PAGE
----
Colorado Transgender Teen Crowned Homecoming Princess By High School

On Friday, Sand Creek High School juniors voted to make Scarlett Lenh the first transgender homecoming princess in the school’s history and possibly the first in Southern Colorado.

“It’s just about being yourself,” Lenh told KCNC-TV. “That’s what I want to do, inspire people. I want everyone to know no matter what body you’re in or what mind set you have, being you is the best feeling in the world. No matter what.”

The Colorado Springs student began to identify as transgender earlier this school year, and not everyone is thrilled about Lenh’s win:

“It’s craziness,” said Jana Neathery, whose granddaughter attends Sand Creek.

“Originally, it was a joke that he was going to be nominated for homecoming princess, but he got a lot of nominations,” she said, referring to Scarlett, “and now there are a lot of upset girls because a spot was taken from them.

“I’m very sympathetic that he’s transgender, but he should be on the boys’ side, not the girls’.”

“I was like even if I don’t win I’ve already helped a lot of people show them that they can be themselves,” Scarlett Lenh told KRDO-TV. “But I won and I can’t stop smiling.”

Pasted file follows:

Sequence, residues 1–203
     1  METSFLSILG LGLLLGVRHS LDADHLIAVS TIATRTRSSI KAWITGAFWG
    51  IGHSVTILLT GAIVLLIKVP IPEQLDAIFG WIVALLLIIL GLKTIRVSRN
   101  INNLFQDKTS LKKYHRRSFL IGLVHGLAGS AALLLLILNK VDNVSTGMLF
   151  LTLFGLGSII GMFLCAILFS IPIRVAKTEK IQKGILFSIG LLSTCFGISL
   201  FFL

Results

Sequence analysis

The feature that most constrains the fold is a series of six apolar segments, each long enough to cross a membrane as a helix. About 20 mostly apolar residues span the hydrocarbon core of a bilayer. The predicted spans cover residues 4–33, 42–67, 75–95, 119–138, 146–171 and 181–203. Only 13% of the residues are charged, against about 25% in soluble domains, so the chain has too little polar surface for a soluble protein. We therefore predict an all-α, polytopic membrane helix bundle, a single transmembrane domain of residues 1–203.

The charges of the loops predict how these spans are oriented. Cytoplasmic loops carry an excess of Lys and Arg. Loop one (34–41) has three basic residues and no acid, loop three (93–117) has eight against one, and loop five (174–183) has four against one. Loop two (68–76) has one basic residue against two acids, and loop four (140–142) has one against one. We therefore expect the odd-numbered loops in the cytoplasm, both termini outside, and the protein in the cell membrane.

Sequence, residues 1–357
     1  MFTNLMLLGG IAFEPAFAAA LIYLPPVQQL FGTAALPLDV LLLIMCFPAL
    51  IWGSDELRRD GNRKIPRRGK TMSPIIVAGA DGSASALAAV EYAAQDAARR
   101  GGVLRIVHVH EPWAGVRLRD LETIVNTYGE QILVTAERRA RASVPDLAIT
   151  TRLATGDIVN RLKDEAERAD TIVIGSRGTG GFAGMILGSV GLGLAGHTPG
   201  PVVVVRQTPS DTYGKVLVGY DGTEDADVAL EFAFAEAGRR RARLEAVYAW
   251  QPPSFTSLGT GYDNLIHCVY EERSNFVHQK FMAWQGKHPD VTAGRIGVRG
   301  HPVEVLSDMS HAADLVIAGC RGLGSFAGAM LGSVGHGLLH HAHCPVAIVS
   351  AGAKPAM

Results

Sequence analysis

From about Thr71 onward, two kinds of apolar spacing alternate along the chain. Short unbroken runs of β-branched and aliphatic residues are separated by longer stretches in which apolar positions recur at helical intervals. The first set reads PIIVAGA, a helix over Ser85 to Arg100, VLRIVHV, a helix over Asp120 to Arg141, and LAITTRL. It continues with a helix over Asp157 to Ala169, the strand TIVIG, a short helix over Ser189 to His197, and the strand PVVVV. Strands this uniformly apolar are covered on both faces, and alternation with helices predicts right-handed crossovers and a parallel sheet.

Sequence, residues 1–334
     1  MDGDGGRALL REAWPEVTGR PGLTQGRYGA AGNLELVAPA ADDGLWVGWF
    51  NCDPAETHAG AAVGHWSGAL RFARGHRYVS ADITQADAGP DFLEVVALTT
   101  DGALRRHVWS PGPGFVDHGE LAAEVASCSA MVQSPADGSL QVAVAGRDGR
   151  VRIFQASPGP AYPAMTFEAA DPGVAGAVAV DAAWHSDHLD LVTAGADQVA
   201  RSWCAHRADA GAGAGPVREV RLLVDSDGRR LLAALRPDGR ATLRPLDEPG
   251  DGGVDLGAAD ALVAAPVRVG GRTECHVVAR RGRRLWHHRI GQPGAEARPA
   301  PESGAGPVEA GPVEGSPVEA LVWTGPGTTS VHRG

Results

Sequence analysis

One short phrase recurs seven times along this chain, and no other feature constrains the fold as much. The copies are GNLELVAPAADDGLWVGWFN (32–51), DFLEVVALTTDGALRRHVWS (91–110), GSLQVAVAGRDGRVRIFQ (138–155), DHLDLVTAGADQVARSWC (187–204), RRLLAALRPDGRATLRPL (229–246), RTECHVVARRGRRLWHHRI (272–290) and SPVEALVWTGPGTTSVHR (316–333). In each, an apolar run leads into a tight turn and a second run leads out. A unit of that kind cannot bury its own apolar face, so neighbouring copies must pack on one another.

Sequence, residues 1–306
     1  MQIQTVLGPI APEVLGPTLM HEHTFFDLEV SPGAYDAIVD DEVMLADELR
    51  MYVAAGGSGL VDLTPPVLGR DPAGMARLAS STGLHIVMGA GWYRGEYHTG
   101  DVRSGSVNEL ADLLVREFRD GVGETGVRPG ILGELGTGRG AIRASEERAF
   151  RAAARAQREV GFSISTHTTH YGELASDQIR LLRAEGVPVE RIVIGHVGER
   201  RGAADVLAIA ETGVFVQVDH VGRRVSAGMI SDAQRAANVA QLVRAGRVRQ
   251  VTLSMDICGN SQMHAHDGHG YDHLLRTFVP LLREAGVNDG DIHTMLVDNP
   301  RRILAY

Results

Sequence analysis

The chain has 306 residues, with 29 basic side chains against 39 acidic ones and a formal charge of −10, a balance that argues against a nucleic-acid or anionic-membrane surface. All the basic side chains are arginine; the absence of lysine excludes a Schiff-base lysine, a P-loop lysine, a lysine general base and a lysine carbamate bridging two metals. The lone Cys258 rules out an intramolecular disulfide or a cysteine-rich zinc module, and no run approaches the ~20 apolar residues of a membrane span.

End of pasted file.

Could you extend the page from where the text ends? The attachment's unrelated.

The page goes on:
KRDO adds:

Scarlett is still physically a boy, but identifies as a female. All year she has worn women’s clothing.

“I feel more comfortable like this,” Scarlett said.

“I don’t see much of a difference. Same personality, same awesome friend,” said classmate Zach Cote.

Scarlett was escorted at half time by two of her best friends. As her name was announced, only cheers could be heard from the stands.

“For every one person that does not like what I’m doing I know that there’s 100 that support me,” Scarlett said.

District 49 released a statement that reads in part, “Our board policy sets the standard that we do not exclude any person from participating in any program or activity on the basis of gender activity and gender expression.”

Students say they understand that this probably wouldn’t or couldn’t have happened in the past.

“This is definitely something that can only happen in our generation,” Jonah Lee, a classmate and friend said.

[H/T: Towleroad]